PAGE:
Appraising risk, past and present.
Interrogating historical data to enhance understanding of environmental crises in the Indian Ocean World

In an international partnership funded by the Canadian Social Sciences and Humanities Research Council (SSHRC) and anchored at McGill University, multidisciplinary research teams explore the critical role of climatic crisis in the past and future of the Indian Ocean World (

The role of historical experiences in contemporary policy making
Environmental change is an alarming reality, with rising sea levels and increasingly intense droughts, often accompanied by crop failure, famine, conflict over natural resources, and migration. Several countries most at risk lie in the Indian Ocean World (IOW). This region is a significant global socio-ecological system, which has always been profoundly affected by a complex interplay between human and environmental factors. What occurs in the IOW as a result of environmental changes is thus of major economic, political and humanitarian concern. However, currently employed tools of environmental risk perception and governance (ERPG) appear inadequate as they usually rely on historically shallow data focused on individual crises, and fail to fully take into account local concepts of environmental risk. Against this background, the research team ‘Contemporary Policy’ led by Julia Verne within this partnership, examines the integration of historical data and local experiences in current forms of risk perception and disaster management.

The potential of historical narratives for flood management in Kerala, India
One research focus is on flood management in India, with particular attention to the state of Kerala where rapid urbanisation, industrialisation, and increased population density lead to land-use changes and an increasing vulnerability towards flooding. In light of the strong influence of global policies and frameworks on national disaster management plans, Rupa Rupa examines the potential impact of local experiences and ways of living with the water to enhance current disaster management efforts. As part of her PhD research, she (1) critically examines the different impulses informing the making of disaster policies at the national as well as the regional level, (2) crossreads historical narratives with contemporary policy implications, and (3) develops a simulation to discuss the effects of different responses to floods with local communities and risk managers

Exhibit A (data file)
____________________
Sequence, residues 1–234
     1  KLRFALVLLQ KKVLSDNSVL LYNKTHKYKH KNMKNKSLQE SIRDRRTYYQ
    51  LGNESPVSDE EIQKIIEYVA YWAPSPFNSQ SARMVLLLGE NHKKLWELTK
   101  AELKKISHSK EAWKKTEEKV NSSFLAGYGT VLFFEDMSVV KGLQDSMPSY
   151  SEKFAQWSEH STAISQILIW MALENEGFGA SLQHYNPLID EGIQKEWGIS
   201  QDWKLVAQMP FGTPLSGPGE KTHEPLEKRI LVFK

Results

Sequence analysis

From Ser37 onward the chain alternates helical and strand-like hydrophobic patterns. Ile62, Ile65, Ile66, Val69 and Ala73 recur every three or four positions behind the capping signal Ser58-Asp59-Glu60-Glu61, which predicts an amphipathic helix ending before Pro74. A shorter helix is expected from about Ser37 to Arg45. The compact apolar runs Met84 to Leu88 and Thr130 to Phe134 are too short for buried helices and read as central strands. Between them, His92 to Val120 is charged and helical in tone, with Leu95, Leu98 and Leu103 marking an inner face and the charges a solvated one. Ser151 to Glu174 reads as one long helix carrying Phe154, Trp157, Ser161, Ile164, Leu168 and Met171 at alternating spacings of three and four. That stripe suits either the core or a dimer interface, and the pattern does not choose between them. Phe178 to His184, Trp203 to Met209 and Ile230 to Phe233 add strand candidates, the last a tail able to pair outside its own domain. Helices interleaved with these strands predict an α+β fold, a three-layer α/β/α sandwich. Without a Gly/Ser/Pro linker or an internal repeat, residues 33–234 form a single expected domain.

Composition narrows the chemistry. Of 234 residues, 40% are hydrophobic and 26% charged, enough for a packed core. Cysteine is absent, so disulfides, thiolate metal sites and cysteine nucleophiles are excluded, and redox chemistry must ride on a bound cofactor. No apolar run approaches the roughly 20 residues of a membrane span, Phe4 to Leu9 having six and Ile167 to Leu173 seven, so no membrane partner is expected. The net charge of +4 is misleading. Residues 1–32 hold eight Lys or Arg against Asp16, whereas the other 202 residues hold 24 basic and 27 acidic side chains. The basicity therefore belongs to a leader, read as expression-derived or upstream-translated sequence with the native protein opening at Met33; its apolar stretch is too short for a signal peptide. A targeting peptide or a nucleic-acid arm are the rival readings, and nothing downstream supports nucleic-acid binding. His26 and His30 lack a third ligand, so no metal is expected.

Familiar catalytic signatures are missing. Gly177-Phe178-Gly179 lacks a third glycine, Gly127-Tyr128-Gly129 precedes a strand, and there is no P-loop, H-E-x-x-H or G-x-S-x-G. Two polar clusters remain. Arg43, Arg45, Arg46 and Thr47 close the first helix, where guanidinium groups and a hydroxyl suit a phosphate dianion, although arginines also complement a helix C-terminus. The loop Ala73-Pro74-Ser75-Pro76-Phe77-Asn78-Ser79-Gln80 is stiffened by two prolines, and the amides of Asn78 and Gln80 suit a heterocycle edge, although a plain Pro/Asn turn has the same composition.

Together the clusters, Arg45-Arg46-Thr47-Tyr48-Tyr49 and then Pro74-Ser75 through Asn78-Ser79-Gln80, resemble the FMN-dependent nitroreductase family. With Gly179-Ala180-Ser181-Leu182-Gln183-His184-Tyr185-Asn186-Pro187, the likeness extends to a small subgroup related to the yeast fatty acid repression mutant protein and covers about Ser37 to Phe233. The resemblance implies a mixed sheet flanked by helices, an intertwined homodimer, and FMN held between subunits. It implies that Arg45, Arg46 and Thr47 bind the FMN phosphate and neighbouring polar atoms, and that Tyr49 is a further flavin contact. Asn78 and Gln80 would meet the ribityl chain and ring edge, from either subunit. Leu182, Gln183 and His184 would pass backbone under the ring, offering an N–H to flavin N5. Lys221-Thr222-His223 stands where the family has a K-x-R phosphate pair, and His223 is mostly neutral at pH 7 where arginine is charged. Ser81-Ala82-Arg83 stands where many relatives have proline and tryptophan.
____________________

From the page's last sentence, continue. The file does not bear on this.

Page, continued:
Project team:
Prof. Dr. Julia Verne, Dr. Malve Jacobsen, Everjoy Grace Chiimba, Rupa Rupa (all JGU Mainz), Prof. Dr. Brian Tomaszewski (Rochester Institute of Technology) ( , Dr. Ganapathy (Vellore Institute of Technology) ( , Prof. Dr. Sandra Joireman (University of Richmond) ( , Abdul Fikri Angga Reksa (LIPI Indonesia) (

Project-related publications:

Neuhöfer, R., & Pilgrim, H. (2022). The Journey of Cloves: Historical Trajectories and New Dynamics of Organic Labeling on Zanzibar. In B. Schnepel & J. Verne (Eds.), Cargoes in Motion: Materiality and Connectivity across the Indian Ocean. Ohio University Press: Athens.

Matejcek, A. & Verne, J. (2021). Restoration-as-development? Contesting Aspirational Politics Regarding the Restoration of Wildlife Corridors in the Kilombero Valley, Tanzania. The European Journal of Development Research. 10.1057/s41287-021-00403-2.

Verne, J. (2020) Der Indische Ozean als relationale maritime Region. Geographische Rundschau 4, 20, 4-10.

Verne, J. (2019) The ends of the Indian Ocean: Tracing coastlines in the Tanzanian hinterland, History of Africa 46, 359-383.

Verne, J. (2019) All things transregional? Potentiale und grenzen transregionaler Forschungsperspektiven, in: Forum Transregionale Studien (Hrsg.) All things transregional?, Max Weber Stiftung: Berlin.

Verne, J. (2018) Transregionalität am Beispiel des Indischen Ozeans: Relationale Raumkonzeptionen in den Regionalwissenschaften, in: Wippel, S. & Fischer-Tahir, A. (Hrsg.) Jenseits etablierter Meta-Geographien: Der Nahe Osten und Nordafrika in transregionaler Perspektive, Nomos: Baden-Baden.

Verne, J. (2017) The neglected gift of Ratzel: thoughts on mobilities, materialities and relational spaces, Geographica Helvetica 72, 85-92.